The idea of social justice
Amartya Sen is all over Indian TV channels promoting his new book titled “The Idea of Justice“. I am just writing this post from observing the various interviews he has given to TV channels like IBN and NDTV.
In the true spirit of the “Argumentative Indian”, it is hard to really get to the core of what he is trying to say. He is like a dragonfly, you approach it with great stealth, your fingers ready to snap it, you are almost certain you have it but it flies off to land a feet away.
Take the following example :
Three children — Anne, Bob and Carla — are quarrelling over a flute: Anne claims the flute on the ground that she is the only one of the three who knows how to play it; Bob demands it on the basis that he is so poor that — unlike others — he has no other toys to play with and it would therefore mean a lot to him if the flute were given to him; and Carla says that it belongs to her because she has made it with her own labour.
The important thing to note here is that none of the claimants questions their rival’s argument but claims that his or hers is the most persuasive. So, who deserves the flute?
Should it go to the child for whom it represents the only source of entertainment as he has no other toys to play with? Or to the one who can actually make practical use of it; or to the child to whom it must belong by virtue of her “right” to the fruits of her labour?
To the common man, the question of who should have the flute can be easily adjudicated. It is as simple as this. Who has current ownership of the flute. We have evolved to a point where the words ‘current’ and ‘ownership’ are fairly clear. Dissent at this basic level will be met with, ‘What the f— is he thinking’. If you find something unclaimed first, you have a ownership right over those who only found it in your possession.
If Carla (the child who made the flute) has not yet traded her ownership rights (i.e sold it ) she owns it. Bob (the poor child) has no rights unless he found the unclaimed flute first. Similarly, Anne (the child who knows to play it) has no rights unless she too found the unclaimed flute first.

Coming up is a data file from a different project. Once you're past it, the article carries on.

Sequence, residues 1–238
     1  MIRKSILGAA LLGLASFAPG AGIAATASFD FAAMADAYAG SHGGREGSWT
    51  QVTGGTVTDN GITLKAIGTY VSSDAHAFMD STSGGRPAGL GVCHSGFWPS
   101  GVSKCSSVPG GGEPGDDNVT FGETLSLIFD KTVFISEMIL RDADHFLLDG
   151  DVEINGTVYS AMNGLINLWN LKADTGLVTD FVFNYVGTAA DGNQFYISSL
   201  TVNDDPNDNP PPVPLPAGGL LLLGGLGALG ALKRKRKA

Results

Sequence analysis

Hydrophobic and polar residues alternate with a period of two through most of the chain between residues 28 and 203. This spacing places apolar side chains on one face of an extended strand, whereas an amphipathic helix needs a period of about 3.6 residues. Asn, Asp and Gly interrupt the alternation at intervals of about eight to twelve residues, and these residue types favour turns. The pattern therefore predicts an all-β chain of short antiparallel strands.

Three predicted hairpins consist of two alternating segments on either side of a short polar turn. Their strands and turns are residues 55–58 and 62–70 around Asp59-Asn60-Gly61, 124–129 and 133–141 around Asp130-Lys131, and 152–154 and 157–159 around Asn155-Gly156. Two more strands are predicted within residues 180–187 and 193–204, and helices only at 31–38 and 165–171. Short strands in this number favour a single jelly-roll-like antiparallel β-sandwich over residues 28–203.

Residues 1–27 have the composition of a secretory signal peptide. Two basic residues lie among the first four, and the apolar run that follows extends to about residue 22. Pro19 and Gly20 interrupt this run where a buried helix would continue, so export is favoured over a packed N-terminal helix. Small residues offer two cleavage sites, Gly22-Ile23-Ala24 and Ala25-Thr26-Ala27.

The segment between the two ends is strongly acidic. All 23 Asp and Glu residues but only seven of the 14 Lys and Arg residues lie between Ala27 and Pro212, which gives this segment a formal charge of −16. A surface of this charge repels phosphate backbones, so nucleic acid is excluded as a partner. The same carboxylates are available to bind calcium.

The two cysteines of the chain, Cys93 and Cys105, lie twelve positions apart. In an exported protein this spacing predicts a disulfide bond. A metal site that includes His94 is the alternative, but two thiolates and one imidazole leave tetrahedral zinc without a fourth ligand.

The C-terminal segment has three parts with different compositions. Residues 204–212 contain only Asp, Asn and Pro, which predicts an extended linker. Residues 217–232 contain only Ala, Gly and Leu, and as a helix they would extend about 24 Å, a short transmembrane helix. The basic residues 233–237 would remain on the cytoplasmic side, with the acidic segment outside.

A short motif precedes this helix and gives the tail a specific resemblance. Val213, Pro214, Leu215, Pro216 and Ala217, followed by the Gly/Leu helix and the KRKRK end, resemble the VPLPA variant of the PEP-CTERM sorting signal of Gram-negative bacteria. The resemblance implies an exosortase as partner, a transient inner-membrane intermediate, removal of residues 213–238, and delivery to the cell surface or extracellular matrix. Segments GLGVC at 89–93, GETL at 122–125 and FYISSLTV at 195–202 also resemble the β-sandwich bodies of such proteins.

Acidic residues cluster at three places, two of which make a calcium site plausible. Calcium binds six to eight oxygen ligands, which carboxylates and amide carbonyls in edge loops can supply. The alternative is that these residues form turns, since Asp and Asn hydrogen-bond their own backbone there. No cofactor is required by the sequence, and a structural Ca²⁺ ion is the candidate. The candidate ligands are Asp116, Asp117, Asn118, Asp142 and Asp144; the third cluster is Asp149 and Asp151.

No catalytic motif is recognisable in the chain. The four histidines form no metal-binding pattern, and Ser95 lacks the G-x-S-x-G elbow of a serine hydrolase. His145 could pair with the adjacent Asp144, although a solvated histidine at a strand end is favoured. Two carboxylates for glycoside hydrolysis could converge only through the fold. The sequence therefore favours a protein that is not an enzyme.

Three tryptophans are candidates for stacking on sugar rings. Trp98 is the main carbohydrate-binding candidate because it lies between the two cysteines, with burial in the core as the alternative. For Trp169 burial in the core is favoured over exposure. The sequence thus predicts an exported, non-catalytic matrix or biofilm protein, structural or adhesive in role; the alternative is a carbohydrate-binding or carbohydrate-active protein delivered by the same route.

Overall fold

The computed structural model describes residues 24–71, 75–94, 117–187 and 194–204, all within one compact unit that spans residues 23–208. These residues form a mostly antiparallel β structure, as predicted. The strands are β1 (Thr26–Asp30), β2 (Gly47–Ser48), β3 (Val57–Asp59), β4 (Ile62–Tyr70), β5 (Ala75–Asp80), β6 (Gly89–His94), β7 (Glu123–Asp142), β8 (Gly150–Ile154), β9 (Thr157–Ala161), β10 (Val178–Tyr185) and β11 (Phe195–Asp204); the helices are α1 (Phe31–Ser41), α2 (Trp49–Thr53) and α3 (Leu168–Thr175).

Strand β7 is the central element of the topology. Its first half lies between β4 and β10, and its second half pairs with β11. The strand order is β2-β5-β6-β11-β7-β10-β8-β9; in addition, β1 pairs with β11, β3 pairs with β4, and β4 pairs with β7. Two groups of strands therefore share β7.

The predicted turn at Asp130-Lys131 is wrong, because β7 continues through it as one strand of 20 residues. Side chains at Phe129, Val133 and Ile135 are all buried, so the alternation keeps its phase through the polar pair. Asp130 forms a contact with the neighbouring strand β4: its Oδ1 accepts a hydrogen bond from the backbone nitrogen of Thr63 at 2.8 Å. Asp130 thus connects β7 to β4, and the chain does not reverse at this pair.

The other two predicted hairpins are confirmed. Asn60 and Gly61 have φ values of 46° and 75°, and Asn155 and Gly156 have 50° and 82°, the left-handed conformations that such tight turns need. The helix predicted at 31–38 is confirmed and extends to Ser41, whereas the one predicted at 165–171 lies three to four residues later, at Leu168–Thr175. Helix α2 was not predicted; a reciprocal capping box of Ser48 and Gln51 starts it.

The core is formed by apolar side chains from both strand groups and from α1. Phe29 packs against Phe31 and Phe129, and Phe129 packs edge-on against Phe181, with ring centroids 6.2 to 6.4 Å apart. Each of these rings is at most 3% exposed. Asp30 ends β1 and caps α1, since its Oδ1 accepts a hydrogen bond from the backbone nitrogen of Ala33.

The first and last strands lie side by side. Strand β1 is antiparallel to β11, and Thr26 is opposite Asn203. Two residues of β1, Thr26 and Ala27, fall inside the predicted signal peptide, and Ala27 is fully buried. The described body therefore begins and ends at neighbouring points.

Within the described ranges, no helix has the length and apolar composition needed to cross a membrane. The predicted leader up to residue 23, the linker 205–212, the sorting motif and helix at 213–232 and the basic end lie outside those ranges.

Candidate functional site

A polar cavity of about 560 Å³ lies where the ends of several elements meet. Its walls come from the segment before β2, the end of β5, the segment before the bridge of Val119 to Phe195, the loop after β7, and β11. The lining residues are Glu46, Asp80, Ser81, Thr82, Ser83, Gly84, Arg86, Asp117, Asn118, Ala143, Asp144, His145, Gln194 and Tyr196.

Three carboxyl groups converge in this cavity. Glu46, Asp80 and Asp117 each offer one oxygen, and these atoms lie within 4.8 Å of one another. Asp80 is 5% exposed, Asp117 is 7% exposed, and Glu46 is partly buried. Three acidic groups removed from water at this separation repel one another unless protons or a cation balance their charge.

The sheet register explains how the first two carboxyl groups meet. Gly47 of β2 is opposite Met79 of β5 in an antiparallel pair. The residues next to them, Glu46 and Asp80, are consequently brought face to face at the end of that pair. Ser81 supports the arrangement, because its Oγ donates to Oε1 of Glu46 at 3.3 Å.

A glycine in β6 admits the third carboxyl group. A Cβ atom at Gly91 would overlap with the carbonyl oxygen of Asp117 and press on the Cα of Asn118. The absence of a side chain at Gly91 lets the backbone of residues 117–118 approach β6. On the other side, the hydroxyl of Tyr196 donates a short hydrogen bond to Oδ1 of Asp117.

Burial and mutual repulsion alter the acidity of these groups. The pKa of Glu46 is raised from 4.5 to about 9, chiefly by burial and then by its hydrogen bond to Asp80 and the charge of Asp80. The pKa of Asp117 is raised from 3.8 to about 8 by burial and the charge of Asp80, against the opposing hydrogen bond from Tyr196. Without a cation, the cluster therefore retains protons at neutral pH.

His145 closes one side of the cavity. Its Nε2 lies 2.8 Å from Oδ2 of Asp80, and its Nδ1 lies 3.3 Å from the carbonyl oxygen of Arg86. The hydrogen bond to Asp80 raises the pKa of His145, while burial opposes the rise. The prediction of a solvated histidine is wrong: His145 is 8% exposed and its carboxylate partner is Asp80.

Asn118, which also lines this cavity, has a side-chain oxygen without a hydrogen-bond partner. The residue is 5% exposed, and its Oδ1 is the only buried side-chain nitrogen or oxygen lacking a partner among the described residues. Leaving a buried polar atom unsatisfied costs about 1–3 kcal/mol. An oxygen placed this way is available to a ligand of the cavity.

I do not think any reasonable person, including die hard socialists really dispute the simple ownership scenario described above. It is helpful to remember that socialism never promises an absolute equality, it only promises an undefined greater equality. The soup called ‘something better’ can easily be sold to the masses under various brands.
The scenario described by Amartya Sen is not about justice but about social justice. It could be better phrased as the following.
Imagine that a government had resources to produce exactly one flute, and it was decided that it had no choice but to produce a flute. Who among Bob, Anne, Carla should get that flute ?
See how smoothly we are able to transpose a scenario of ownership into a scenario justifying a central power deciding competing claims.Mr Sen is simply saying that this central deciding power must be compassionate and hold judgement in favour of eliminating the most obvious forms of injustice. Mughal emperor Akbar is portrayed as the ideal here. It is hard to argue with this theme because we are instantly presented with an example of how hard it is to teach a starving student. The real problem in the Indian context is that there are multiple such ‘obvious forms of injustice’ so the problem comes down to assigning weights and evaluating claims of being a victim of an ‘obvious injustice’.
This is the well tread social justice trail.
The book should have been called the ‘The Idea of Social Justice’.